Robert Dorrien Smith and the team behind the proposed new helicopter service between the Isles of Scilly and the mainland (Penzance) have issued a press release concerning legal action by the IOS Steamship Group to overturn the Cornwall Council planning decision that approved plans for a new Penzance Heliport.
The press release is as follows:
The team reinstating the helicopter link to the Isles of Scilly has reaffirmed its commitment to the islands after a legal attack was launched to disrupt the project.
Construction of a replacement Penzance Heliport has been paused after the Isles of Scilly Steamship Company – which currently holds the passenger and freight transport monopoly to the islands – began proceedings for a judicial review.
The process would see a judge examine the lawfulness of Cornwall Council’s unanimous decision to grant planning permission for the project.
The move by the Isles of Scilly Steamship Company follows an anonymous attempt to get the decision reviewed by the Secretary of State, which was thrown out.
Robert Dorrien-Smith, who is behind the proposals to reinstate a helicopter service, said: “This absurd move by the Steamship Company will only ever be seen for what it is: an anti-competitive action, dressed up in as much legal fog as they can muster.”
“This is not an attack on us; we will persevere. This is an attack on the islands, islanders and our visitors by a company that claims to be proud of its island heritage.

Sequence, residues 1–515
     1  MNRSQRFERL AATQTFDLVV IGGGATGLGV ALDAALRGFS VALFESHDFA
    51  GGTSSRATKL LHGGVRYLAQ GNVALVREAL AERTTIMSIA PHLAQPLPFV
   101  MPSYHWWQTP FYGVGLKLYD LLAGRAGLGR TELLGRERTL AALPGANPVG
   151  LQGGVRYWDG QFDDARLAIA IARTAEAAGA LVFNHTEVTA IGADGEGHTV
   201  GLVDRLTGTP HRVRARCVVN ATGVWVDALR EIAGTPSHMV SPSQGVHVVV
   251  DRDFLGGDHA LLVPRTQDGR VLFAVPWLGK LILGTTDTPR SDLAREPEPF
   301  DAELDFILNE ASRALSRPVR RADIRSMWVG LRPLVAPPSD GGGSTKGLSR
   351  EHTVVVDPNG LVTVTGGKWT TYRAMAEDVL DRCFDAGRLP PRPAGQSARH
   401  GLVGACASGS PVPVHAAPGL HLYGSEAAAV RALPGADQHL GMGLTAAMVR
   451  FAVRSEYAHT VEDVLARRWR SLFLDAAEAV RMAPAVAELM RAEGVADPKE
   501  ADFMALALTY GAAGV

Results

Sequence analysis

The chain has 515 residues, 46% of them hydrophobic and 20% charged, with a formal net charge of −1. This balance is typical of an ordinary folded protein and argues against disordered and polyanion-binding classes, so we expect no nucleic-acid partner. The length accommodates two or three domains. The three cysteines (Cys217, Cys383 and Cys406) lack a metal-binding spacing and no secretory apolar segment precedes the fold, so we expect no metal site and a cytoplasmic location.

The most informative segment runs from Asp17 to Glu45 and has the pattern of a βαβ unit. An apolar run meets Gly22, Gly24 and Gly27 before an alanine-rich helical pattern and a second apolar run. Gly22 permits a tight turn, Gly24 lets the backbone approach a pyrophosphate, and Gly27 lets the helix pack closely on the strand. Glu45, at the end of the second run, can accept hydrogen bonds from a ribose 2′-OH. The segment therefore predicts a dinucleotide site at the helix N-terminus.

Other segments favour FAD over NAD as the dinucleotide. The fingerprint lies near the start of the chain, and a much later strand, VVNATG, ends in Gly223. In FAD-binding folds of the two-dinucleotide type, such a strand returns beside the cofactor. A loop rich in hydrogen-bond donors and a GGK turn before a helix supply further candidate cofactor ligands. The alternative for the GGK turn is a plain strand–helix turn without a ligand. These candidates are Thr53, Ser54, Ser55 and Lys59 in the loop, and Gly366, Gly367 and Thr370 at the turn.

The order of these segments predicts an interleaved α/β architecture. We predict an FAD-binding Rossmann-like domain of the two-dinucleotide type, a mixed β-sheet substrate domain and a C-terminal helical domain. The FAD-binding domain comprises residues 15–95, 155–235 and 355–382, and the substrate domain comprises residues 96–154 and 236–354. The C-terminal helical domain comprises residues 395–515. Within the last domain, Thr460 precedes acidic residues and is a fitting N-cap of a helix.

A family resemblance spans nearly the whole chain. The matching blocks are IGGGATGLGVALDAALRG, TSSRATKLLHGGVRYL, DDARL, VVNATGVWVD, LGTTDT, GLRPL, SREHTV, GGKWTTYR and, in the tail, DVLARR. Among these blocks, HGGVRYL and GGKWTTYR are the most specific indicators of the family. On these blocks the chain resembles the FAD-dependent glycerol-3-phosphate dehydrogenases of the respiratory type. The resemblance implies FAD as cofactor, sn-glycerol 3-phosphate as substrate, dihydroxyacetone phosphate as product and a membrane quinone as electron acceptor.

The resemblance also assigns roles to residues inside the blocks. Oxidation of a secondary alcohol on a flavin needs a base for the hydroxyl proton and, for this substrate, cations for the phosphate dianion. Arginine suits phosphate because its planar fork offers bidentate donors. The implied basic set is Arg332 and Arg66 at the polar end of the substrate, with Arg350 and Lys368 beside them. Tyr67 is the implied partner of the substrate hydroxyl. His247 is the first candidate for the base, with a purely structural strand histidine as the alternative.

“This reckless move also threatens to damage the reputation of the islands among Cornwall Council and other public bodies – including government departments – on whose support the islands rely. No doubt they will regard this petty and irresponsible move with dismay.”
Cornwall Council’s Strategic Planning Committee gave the project the go ahead in February following a public consultation which saw over 2,600 letters of support from the public – the highest level of support the Council has ever seen for a planning application.
The project also received support from bodies including the Council of the Isles of Scilly, the Duchy of Cornwall, Visit Cornwall, Penzance Town Council and the islands’ destination management organisation, the Islands’ Partnership.
Mr Dorrien-Smith continued: “The level of support for this project is unprecedented and proves my deep conviction that a new helicopter service is right for Scilly. I want to reaffirm to islanders, visitors and the Steamship Company that I will stand by this conviction.”
Mr Dorrien-Smith has contacted the Board of the Isles of Scilly Steamship Company in recent weeks in an attempt to find a way forward, including offering the Company an opportunity to invest in the heliport.
The Isles of Scilly Steamship Company responded with a proposal to allow the helicopter to operate from Land’s End Airport, which it owns. After studying the proposal in detail, Penzance Heliport Ltd concluded this would not deliver the growth and resilience enhancements that are core aims of this project. The proposal was also not viable for commercial reasons.
Mr Dorrien-Smith added:
“My intention remains to strengthen the transport system to these islands for the benefit of all. Unfortunately the Steamship Company’s response has demonstrated they are motivated purely by an obsessive defence of a monopoly, led by the misguided belief that a reinstated helicopter service will be damaging to their company.
“For many years the helicopter and other transport services to the islands worked in harmony and cooperation, and I do not accept the Steamship Company’s view that this could not be made to happen again.
“Ultimately we have got to put islanders and customers first and we must try to design a transport system that is best for everybody.”
For more information please contact Tom Matthews
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